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GARDENING : Wandering Lilies Are Resilient--and Great Little Colonizers : If you dig bulbs up by accident, just plant them back. And some are good for interesting children in the natural world.


I speared a superb lily bulb the other day, which I mention for no other reason than to remind gardeners prone to distress that everybody does it sooner or later.

Unless the garden is a forest of labels and unless plants stay exactly where planted (and some lilies wander considerably), accidents will happen. I dug up the bulb, which had turned into three very large bulbs, and planted them elsewhere.

One notable gardener once wrote of his collection of small bulbs-- chionodoxas, crocuses, anemones, snowdrops, etc.--that of course he was forever digging them up by accident. Just plant them back, he said.

This advice is so obvious, it never occurred to me. Since reading that article, however, I now dig up all kinds of crocuses and scillas and much else and just stick them back. No harm seems to be done.

A thing I noticed some years ago was that patches of crocuses like Ladykiller and the other early, quite-small varieties kept wandering about, through seeding as well as accidental digging.

One of the great colonizers through self-sown seed is Crocus tomassinianus, an early-light lavender sort. It becomes rather a weed in light sandy soils but spreads far less rapidly in heavy clay loams.

This year I again planted two garden varieties of it called Ruby Gem and Whitewell Purple, which have never multiplied with me. This time they are given a spot with more sun, and lighter and better soil.

The soil is now cool enough to plant tulip bulbs. The second week of November was always my target date for planting, but a little earlier or later (until Christmas) works well.

They are good bulbs, by the way, for interesting children in the natural world. Help the kid dig but let him do the planting, covering the top of the bulb with 4 inches of earth. Label the planting, so when leaves emerge the child knows which tulip is which.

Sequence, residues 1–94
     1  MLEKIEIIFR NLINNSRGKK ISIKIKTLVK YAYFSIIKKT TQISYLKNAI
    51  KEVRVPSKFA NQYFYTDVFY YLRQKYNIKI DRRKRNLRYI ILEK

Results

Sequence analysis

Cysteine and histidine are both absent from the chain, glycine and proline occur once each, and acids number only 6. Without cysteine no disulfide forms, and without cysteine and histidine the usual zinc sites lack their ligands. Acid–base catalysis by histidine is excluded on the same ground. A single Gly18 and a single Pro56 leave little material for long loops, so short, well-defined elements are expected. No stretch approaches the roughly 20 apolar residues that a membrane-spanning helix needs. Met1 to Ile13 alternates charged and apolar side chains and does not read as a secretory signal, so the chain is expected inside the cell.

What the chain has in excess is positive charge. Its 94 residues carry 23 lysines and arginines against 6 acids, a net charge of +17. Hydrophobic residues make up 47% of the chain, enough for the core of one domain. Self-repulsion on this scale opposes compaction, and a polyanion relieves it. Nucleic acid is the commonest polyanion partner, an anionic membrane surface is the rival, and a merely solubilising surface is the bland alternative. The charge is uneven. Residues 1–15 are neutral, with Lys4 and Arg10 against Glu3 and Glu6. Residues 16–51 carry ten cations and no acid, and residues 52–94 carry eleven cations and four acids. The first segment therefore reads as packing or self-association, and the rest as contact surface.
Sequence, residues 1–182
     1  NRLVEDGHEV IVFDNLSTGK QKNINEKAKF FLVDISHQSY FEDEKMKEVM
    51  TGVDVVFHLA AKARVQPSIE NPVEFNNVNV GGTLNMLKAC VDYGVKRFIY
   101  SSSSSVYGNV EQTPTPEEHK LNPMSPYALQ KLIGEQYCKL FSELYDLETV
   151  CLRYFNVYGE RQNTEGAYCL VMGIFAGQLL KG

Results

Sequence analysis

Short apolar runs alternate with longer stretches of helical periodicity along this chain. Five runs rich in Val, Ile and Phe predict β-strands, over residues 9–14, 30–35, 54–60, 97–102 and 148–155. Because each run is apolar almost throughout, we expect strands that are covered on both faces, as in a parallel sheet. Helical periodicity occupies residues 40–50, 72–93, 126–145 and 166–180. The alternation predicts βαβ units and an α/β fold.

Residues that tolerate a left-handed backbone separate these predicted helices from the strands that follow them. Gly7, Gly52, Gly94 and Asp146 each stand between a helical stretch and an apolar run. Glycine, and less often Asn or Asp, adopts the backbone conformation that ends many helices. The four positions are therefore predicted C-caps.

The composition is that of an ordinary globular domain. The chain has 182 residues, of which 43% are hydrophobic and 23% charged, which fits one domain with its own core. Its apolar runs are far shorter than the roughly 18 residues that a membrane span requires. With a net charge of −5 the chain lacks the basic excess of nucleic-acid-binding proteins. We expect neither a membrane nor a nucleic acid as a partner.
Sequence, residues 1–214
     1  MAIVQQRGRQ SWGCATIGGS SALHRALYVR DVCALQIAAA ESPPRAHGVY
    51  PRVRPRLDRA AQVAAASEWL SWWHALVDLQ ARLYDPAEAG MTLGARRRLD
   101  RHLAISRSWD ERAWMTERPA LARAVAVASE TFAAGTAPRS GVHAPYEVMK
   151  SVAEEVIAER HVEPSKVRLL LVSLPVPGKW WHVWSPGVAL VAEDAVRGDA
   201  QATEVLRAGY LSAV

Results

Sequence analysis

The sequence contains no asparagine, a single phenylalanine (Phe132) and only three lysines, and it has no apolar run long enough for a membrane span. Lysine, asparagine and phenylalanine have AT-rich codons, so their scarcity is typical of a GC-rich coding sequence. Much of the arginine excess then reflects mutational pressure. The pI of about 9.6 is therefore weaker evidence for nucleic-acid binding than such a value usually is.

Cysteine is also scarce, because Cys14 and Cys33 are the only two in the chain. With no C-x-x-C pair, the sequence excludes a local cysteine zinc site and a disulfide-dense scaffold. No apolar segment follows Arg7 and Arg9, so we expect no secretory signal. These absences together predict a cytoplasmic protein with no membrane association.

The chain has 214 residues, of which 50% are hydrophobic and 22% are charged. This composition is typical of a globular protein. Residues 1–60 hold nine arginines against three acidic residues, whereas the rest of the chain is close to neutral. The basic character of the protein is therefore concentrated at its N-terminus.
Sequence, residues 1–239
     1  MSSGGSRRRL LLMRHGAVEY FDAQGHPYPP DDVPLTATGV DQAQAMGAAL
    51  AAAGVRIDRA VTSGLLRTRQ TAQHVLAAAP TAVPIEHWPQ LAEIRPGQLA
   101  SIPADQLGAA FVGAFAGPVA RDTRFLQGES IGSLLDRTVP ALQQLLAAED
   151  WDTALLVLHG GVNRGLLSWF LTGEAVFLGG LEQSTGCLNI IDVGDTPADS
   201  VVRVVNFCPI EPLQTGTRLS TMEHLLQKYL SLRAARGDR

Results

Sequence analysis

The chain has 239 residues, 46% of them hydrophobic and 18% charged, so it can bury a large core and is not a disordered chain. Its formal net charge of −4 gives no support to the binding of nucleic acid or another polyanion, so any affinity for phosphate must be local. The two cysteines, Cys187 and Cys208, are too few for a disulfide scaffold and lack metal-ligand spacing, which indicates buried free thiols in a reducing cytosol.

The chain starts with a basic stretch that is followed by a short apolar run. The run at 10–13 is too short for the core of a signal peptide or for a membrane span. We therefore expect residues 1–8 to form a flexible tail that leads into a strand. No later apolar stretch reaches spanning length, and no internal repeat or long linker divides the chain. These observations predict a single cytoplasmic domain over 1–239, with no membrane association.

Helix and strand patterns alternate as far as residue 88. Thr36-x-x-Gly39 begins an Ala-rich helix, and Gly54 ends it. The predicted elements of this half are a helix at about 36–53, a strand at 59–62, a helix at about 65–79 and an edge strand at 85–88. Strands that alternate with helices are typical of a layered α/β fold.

Even a single bulb of several varieties will give great pleasure next April and May (some varieties bloom earlier than others). Let the youngster cut the flowers or do whatever he wants with them.

In the garden, tulips last surprisingly long--a clump may be in bloom for three weeks. Farther south they do not last so long.

A few years ago I planted a bush of the single (five-petaled, not the double multi-petaled kind) Kerria japonica. For some reason I gave it a handsomely prepared site, with leaf mold, rotted manure, almost full sun. What a mistake! Its stems have spread to a little thicket perhaps 8 feet wide, and have encroached on all kinds of things.

Recently I dug up some to give away, a backbreaking operation. This shrub, which does surprisingly well in the kind of shade that azaleas grow in, does not need coddling, but produces its long wands of small, strong-yellow blooms almost anywhere.

One of the important things to learn is to leave things alone when they are doing well. This is especially true of plants that are touchy to begin with.

Once I had the rich red wild Clematis texensis growing in such luxuriance that I moved it in early spring to a "better" spot. It began to die within weeks and at the end of two months was gone forever. It is far more beautiful and exciting than its hybrids such as "Sir Trevor Lawrence" and "Etoile Rose," and for some reason almost impossible to find.

Again, I have moved lilies to my sorrow. When they are flourishing, let nothing persuade you to touch them. Even those tough old workhorses, the hostas, can resent being divided and moved.

Having learned nothing in my years of gardening, I have just moved a flourishing, waist-high fan palm, Rhapidophyllum hystrix . It is reckless to move one that has settled down and had pups (small offsets).

I should have bought another one if I had to have this palm in a new place. Or at least I should have done the moving in mid-April. My pigheadedness, however, will not prevent my public moans and complaints if I now lose this specimen.

The palm is called the needle palm for reasons that will be clear to anybody who ever transplants one. Some damage was done by compressing the soil over daffodils; one lily or two were speared.

On the other hand, a nice plant of the rose Pink Parfait was uncovered in the general whacking-back process of building.

Things even out.

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